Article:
Nitric oxide

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Nitric oxide, known chemically as NO, is a dissolved gas that can be generated and used in the body. In the 1980's NO was discovered to have many vital roles in the human body, including acting as a unique kind of transmitter for the nervous system.[1][2] The enzyme NO Synthase (NOS) synthesizes NO from the amino acid L-arginine.[2]

NO has a number of roles in the respiratory system, including promoting vascular and bronchial dilation, and mucus secretion, and it is an important neurotransmitter for neurons in the bronchial wall. NO can also influence immune cells, and is a mediator of inflammatory phenomena within lung cells.[1]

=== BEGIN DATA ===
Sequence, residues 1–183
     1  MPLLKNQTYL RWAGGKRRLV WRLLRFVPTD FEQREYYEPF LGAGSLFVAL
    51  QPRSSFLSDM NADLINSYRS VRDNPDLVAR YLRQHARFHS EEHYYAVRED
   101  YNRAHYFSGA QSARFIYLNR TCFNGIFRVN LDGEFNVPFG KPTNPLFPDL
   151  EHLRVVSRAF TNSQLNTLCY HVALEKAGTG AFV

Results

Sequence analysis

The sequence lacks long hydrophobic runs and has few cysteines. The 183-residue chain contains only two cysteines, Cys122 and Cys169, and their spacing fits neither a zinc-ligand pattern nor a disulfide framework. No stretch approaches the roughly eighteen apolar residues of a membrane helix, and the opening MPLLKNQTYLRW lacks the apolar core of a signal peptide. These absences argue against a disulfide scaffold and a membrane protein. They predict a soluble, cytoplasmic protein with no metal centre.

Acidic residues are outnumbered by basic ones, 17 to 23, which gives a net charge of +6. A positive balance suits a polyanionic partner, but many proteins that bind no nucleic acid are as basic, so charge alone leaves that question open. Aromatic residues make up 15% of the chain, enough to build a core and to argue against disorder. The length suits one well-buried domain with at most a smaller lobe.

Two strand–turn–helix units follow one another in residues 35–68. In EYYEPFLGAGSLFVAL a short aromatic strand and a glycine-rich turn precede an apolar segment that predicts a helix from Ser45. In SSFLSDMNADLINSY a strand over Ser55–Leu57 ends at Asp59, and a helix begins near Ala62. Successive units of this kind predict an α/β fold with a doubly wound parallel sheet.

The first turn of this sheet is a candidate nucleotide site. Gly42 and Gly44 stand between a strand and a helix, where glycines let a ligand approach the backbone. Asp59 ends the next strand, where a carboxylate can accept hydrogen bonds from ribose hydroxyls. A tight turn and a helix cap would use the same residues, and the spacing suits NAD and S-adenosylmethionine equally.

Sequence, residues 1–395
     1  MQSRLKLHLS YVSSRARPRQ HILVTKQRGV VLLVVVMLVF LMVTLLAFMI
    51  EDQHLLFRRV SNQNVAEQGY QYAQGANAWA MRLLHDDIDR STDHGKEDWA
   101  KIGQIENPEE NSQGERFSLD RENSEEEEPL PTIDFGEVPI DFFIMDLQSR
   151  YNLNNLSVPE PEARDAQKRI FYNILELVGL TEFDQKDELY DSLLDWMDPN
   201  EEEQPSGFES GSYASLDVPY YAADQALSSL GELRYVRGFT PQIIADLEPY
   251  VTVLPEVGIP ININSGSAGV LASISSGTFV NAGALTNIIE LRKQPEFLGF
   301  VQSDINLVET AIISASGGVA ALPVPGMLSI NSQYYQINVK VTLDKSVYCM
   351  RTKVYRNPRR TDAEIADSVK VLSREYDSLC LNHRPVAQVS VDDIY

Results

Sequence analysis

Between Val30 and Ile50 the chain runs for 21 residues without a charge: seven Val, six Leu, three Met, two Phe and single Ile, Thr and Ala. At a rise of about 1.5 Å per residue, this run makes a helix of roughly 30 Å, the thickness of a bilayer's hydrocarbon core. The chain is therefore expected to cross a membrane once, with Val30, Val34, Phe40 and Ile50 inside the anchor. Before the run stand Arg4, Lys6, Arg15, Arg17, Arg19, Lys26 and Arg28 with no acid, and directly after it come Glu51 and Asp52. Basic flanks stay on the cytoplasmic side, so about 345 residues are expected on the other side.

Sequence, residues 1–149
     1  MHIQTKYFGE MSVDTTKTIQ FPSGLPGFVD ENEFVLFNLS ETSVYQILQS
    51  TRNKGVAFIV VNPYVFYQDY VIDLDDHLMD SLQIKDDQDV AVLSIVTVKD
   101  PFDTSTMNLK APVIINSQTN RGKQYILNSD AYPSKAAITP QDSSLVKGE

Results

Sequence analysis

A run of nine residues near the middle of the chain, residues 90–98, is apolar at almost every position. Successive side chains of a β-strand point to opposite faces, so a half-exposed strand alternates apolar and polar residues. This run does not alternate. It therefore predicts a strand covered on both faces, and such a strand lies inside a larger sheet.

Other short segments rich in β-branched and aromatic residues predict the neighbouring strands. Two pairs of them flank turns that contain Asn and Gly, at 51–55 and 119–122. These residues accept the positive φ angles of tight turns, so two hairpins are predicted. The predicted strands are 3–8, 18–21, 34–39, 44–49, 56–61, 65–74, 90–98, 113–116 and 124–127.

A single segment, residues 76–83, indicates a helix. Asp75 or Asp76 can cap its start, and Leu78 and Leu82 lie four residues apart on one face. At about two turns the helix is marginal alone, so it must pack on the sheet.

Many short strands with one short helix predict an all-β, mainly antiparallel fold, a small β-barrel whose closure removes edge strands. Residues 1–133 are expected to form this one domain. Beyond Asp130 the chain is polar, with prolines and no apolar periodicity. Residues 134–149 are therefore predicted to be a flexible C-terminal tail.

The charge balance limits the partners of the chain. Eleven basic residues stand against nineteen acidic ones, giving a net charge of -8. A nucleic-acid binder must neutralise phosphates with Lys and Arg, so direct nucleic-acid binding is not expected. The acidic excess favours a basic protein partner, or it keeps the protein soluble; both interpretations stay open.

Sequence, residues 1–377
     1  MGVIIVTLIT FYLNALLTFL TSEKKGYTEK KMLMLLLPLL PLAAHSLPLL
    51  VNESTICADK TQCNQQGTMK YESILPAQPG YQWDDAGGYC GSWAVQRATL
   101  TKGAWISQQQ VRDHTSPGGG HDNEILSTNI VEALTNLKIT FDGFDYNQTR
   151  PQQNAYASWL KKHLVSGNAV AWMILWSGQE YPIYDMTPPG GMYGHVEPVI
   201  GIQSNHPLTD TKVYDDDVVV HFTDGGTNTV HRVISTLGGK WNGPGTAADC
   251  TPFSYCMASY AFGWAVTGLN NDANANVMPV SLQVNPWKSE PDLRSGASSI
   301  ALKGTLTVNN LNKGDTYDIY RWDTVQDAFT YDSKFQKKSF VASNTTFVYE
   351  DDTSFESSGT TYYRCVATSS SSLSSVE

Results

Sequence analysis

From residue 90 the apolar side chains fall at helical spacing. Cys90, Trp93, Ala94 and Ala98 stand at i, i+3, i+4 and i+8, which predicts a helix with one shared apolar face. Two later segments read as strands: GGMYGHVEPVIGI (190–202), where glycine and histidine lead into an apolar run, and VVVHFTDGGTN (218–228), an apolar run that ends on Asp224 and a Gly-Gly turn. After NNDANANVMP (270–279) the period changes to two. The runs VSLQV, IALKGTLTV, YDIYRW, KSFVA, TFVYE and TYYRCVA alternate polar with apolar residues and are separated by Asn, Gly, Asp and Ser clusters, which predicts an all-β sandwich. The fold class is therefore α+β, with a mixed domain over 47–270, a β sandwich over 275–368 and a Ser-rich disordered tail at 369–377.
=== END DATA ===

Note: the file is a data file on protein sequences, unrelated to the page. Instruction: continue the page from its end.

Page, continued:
See also[edit | edit source]

Learn more[edit | edit source]

Nitric oxide - Encyclopedia of Neuroscience

Nitric oxide and it's possible role in ME/CFS - Andrew Gladman

References[edit | edit source]

  1. 1.0 1.1 Kharitonov, Sergei A.; Ito, Kazuhiro (2009). "Nitric Oxide". Elsevier: 363–372. doi:10.1016/b978-0-12-374001-4.00030-4. ISBN 9780123740014. 
  2. 2.0 2.1 Wilson, G.; Garthwaite, J. (2009). "Nitric Oxide". Elsevier: 1151–1156. doi:10.1016/b978-008045046-9.00684-7. ISBN 9780080450469. 


The information provided at this site is not intended to diagnose or treat any illness.

From MEpedia, a crowd-sourced encyclopedia of ME and CFS science and history